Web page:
I had no idea what the future held on February 16, 2011. My 7 year old Pomeranian, Chip, was diagnosed with Diabetes. I was shocked. I didn’t know dogs could be diabetic. Chip had always been overweight and that contributes to diabetes. No matter how hard I tried, I couldn’t get his weight down. It seemed the harder I tried, the more he gained. Chip was 18 pounds and diabetic… now what?
The previous year during his yearly medical exam and blood work we discovered Chip had thyroid issues. It was a simple fix with prescription soloxine and monitoring through blood work. While monitoring his blood work, the Vet discovered Chip had diabetes. I started to notice that the water in the water bowl was disappearing faster than normal but didn’t think much of it. I also noticed there were “accidents” in the house but had difficulty figuring out who was actually responsible because I have another Pomeranian, D.D., a rescue Shepherd mix, Rhett, and a cat, Chloe. The diabetes diagnosis explains it, it was Chip, excessive urination and drinking are classic signs of diabetes.
It seemed simple enough to fix… I guess – consistent feeding and insulin shots twice daily 12 hours apart. But I felt so intimated, so afraid. What if I hurt Chip? What if I gave him too much insulin? I could do it, I had to do it — for Chip. The vet’s office had me practice my shots and then sent me home… still basically an amateur shot giver. Whew, it was scary.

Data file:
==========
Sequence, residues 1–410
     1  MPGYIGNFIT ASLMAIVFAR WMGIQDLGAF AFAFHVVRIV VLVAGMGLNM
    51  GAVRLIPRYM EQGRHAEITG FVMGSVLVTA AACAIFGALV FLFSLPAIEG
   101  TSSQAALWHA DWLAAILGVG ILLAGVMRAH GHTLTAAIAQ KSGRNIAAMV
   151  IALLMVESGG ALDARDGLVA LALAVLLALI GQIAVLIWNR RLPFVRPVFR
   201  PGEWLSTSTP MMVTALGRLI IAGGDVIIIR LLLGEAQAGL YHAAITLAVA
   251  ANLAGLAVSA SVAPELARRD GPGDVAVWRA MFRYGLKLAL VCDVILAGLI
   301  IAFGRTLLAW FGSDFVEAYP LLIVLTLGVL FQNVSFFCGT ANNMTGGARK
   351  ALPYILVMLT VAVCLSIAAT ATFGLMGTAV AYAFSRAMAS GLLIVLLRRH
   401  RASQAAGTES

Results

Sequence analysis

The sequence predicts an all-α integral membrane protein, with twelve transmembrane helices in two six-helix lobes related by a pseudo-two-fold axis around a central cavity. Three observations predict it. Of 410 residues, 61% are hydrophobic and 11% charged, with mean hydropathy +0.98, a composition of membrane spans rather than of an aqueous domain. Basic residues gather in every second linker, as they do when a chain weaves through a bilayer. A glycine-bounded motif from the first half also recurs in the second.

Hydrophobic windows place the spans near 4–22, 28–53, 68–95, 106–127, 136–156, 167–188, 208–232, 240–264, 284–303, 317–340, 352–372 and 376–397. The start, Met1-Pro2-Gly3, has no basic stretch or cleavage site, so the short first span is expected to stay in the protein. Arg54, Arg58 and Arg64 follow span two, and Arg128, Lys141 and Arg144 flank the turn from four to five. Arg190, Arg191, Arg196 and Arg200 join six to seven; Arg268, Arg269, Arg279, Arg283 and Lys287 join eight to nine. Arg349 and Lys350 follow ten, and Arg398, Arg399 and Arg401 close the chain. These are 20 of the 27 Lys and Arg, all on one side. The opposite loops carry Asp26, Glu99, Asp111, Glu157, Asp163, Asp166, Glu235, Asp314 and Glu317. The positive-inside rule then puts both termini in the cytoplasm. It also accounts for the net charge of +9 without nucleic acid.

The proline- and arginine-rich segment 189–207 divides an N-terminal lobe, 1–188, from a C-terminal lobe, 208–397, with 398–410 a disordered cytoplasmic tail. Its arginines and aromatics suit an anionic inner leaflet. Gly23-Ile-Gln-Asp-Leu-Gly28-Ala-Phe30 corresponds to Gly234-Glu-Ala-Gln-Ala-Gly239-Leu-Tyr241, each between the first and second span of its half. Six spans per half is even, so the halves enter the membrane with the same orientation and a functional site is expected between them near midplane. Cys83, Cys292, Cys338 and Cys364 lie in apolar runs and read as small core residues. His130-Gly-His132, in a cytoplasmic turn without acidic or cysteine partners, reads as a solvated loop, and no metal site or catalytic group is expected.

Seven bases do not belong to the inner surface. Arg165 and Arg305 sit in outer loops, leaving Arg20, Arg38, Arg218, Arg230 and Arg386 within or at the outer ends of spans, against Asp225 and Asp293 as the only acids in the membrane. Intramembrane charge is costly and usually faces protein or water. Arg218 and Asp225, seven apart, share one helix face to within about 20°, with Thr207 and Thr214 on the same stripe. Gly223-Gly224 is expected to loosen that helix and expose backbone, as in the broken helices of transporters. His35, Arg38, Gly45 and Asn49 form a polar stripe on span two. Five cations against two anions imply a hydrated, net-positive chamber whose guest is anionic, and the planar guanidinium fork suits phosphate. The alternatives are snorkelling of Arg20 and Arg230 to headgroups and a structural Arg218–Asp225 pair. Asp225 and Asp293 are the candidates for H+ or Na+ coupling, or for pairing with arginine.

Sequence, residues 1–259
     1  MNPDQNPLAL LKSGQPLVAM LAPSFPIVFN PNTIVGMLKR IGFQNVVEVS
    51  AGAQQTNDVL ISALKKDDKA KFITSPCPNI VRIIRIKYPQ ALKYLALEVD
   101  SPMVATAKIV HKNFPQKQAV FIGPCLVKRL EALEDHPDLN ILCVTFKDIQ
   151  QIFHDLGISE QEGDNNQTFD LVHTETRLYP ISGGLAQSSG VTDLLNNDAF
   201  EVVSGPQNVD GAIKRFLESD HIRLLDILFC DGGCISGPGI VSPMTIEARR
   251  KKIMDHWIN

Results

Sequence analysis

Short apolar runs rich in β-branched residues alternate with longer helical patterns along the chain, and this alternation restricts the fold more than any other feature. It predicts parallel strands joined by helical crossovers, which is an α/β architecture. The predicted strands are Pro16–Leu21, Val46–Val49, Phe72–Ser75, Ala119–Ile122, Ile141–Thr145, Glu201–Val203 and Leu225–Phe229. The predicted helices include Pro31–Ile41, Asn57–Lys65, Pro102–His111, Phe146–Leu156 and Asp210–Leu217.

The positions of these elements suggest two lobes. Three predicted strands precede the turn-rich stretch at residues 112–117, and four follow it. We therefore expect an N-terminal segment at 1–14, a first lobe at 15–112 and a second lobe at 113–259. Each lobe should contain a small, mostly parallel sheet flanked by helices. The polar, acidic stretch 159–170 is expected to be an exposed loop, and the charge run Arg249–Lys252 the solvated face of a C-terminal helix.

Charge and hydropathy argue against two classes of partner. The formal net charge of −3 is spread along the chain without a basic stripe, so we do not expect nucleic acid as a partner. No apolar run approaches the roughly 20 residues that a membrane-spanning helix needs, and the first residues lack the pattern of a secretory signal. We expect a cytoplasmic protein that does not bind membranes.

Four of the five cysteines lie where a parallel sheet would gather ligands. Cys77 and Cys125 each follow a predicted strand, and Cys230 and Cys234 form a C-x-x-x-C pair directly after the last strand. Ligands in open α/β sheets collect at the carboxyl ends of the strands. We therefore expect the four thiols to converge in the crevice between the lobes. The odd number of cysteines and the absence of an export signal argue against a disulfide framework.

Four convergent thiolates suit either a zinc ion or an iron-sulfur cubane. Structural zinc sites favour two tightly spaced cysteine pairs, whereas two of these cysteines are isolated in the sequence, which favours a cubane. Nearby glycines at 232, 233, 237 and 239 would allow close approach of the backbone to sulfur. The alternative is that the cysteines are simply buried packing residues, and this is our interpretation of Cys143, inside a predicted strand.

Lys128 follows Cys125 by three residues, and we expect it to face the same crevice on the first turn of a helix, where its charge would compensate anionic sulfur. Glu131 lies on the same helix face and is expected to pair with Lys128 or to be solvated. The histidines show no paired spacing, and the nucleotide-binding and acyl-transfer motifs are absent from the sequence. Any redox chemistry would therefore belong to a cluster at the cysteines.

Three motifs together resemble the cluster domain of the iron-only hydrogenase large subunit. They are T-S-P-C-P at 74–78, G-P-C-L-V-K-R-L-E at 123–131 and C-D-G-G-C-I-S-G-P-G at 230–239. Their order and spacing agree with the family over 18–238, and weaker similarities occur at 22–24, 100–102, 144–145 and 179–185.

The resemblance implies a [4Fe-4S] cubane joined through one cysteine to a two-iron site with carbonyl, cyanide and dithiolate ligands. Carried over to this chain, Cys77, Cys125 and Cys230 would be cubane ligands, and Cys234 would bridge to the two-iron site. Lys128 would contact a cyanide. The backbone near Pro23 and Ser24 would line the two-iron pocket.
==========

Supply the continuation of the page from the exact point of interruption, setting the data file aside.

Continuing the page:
My fear subsided when I felt I got the hang of it and it actually went pretty well. We had to run weekly blood curves which is a blood sampling which is administered like this:
This was done until we found the right amount insulin to administer. We were prescribed a human insulin, Humulin N because at that time there wasn’t a dog insulin available. After several weeks we found Chip’s magic number and were sent home with instructions to call if the urinating and drinking heavily started again.
A few months later, the bottom fell out.
Chip’s body stopped responding to the insulin. We switched to another insulin with negative results. We then switched him to Levemir insulin, which is 4 times stronger than most insulins. We saw some response but not enough. Chip became sick. He stopped eating. He lost half of his body weight. Prior to this he had gained more weight and was up to 20 pounds. It seemed like over night he dropped to 10 pounds, a much healthier weight, but not healthy because he lost it too fast. My little boy who used to eat everything in sight refused to eat. I can remember getting food, different foods, pouring it into bowls and sitting the bowls all around him, begging him to eat. He wouldn’t. I tried feeding him by hand and he would eat a little, but not enough. Without food, insulin would make his sugar drop too low. Without insulin, his sugar would skyrocket.
Sleep became foreign to me. When I did sleep I would wake up abruptly and reach for Chip to make sure he was breathing. I was scared to go to work and leave him. I was also scared to come home for fear of what I might find… I was at my wits end.
In the middle of this battle Chip lost the use of first his right leg and then his left leg. The vet thought he had torn both ACLs. With his diabetes out of control, he couldn’t have surgery, it was too much of a risk to his life. So now Chip couldn’t walk, wouldn’t eat, he just stayed in the same spot until I came home and carried him out holding him the whole way. I held him as much as I could. I didn’t know how long I had left to hold him.